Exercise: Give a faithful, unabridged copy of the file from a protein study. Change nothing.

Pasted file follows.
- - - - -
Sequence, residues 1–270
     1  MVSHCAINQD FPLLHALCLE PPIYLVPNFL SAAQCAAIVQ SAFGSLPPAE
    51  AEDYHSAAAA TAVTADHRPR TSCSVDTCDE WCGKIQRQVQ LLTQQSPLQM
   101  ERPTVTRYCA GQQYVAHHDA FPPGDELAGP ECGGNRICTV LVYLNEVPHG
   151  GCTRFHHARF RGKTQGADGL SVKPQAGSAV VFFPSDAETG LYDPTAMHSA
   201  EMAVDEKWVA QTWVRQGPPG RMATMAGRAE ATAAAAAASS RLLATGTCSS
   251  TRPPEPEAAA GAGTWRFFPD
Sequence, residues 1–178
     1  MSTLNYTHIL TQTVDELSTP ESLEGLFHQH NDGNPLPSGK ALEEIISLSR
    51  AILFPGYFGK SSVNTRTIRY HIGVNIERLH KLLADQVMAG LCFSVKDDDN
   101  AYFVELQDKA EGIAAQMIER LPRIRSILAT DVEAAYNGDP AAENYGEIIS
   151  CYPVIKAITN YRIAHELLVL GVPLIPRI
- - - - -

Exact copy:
Sequence, residues 1–270
     1  MVSHCAINQD FPLLHALCLE PPIYLVPNFL SAAQCAAIVQ SAFGSLPPAE
    51  AEDYHSAAAA TAVTADHRPR TSCSVDTCDE WCGKIQRQVQ LLTQQSPLQM
   101  ERPTVTRYCA GQQYVAHHDA FPPGDELAGP ECGGNRICTV LVYLNEVPHG
   151  GCTRFHHARF RGKTQGADGL SVKPQAGSAV VFFPSDAETG LYDPTAMHSA
   201  EMAVDEKWVA QTWVRQGPPG RMATMAGRAE ATAAAAAASS RLLATGTCSS
   251  TRPPEPEAAA GAGTWRFFPD
Sequence, residues 1–178
     1  MSTLNYTHIL TQTVDELSTP ESLEGLFHQH NDGNPLPSGK ALEEIISLSR
    51  AILFPGYFGK SSVNTRTIRY HIGVNIERLH KLLADQVMAG LCFSVKDDDN
   101  AYFVELQDKA EGIAAQMIER LPRIRSILAT DVEAAYNGDP AAENYGEIIS
   151  CYPVIKAITN YRIAHELLVL GVPLIPRI